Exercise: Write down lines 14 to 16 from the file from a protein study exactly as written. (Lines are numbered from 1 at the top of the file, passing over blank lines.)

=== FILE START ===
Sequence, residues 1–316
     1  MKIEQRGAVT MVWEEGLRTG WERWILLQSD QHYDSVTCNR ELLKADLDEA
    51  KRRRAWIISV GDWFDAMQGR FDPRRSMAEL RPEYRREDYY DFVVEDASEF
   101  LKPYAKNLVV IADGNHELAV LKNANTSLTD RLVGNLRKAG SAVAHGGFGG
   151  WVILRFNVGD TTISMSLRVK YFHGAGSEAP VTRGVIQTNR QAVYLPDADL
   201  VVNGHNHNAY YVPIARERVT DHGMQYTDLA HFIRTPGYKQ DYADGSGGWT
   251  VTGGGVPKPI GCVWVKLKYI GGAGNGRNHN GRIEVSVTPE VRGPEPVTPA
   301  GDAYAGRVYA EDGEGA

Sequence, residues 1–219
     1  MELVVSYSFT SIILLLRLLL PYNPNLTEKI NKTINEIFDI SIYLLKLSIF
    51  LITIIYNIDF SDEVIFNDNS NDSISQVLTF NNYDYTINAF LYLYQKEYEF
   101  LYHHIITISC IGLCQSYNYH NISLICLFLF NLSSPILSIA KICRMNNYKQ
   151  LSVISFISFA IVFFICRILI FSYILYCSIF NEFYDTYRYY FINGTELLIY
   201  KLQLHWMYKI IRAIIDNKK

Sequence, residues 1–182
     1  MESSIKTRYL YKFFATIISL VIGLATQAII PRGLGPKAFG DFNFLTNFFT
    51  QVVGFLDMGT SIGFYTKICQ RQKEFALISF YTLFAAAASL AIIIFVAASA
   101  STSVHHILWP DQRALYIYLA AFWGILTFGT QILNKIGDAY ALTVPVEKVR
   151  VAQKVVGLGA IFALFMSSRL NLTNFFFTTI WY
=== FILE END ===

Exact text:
   201  KLQLHWMYKI IRAIIDNKK

Sequence, residues 1–182
     1  MESSIKTRYL YKFFATIISL VIGLATQAII PRGLGPKAFG DFNFLTNFFT